Eleanor Crichlow on sat 10 aug 02
Several years ago I obsessively became involved in the ceramic arts. =
Like many people who have walked this same path, I have given away tons =
of my work and my many children (8) have pottery running out of their =
ears. My friends at the local art group have passed on so many horror =
tales of how much money they lost doing shows that I have stayed away =
from those venues. There is a local boutique in our community that =
fancies itself a gallery, demanding gallery percentages, when its really =
nothing more than a consignment shop. A twenty-five dollar bowl is sold =
for forty-five and then sits there - forever.
Since we live in a resort community, I decided to get a business license =
and put out a small sign. Although it wasn't a flood of traffic, I did a =
fair amount of business and children of tourist came and played with =
clay because they were bored to tears after a few days at the beach. =
Many, many residents dropped by and told me how great this was. Well, =
the local busy-body vigilante group saw to it that I take down the sign =
and quit selling from my studio - zoning issue. This community - =
Virginia Beach - allows a resident two yard sales a year but a craftsman =
is forbidden two craft sales a year.
I am sickened by this as I was at last able do something I loved that =
supported itself. Now I'm going to have to look around for a shop to =
sell from and hope I can cover the additional expense. I'm also going to =
have to spend a lot of time improving my web site although, so far, it =
hasn't produced one sale.
What recourse does an Artist/Craftsman have?
Judy Musicant on sun 11 aug 02
One way of possibly creating a venue for sales is to form a potters =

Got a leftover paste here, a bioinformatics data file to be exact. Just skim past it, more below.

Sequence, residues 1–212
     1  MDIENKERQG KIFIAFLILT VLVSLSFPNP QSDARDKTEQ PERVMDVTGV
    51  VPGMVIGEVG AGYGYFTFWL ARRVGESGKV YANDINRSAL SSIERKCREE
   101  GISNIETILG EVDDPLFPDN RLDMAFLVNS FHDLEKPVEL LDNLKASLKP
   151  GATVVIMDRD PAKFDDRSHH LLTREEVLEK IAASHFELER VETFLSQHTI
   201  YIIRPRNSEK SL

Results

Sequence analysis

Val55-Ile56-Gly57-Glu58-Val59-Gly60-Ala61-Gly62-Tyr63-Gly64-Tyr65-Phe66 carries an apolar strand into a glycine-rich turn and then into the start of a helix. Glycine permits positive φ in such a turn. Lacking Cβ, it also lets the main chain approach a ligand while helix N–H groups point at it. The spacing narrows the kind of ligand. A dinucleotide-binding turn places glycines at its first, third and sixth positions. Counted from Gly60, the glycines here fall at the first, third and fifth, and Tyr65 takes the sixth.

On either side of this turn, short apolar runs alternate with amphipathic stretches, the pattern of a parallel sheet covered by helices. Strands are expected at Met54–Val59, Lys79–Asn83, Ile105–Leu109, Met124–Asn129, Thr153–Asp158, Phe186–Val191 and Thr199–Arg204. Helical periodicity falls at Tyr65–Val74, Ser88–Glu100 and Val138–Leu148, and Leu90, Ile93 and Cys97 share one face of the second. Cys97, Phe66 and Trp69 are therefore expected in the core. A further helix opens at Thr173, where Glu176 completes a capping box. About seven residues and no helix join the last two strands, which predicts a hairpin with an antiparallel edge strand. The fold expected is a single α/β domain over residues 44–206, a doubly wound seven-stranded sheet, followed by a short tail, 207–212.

guild and hold shows of the members work, assuming there are at least 15 =
or 20 other potters in the Virginia beach area who are interested in =
selling their work. This is a long term project, but can be very =
10 or 12 years ago, I joined a guild in my area of about 15 potters. We =
held shows, but the venues and/or publicity was lacking, so the shows =
weren't very successful. Then we found a park with a visitor's center =
that holds public programs on a regular basis. The show fee was minimal =
($225 for Saturday and Sunday). The shows (spring and fall) started out =
with 10 or 11 potters participating (we didn't and do not now jury, so =
the quality is admittedly uneven). The first few shows took in only =
$2500-$3000. Long story short, it took 4 or 5 years, and learning about =
the necessary publicity, but we've created a following, the guild has =
grown to over 40 members, the show has a waiting list for those wanting =
to participate and we are not taking in over $11,000 for the weekend. =
We've now started a 3rd, one day show around the holidays. Sure, this =
is still small potatoes, but it continues to grow, and we have places to =
sell our work. Plus, guild meetings can be opportunities for people to =
demonostrate techniques, share glaze recipes and solve problems, not to =
mention creating a community and making new friends.
Good luck, however you pursue your course.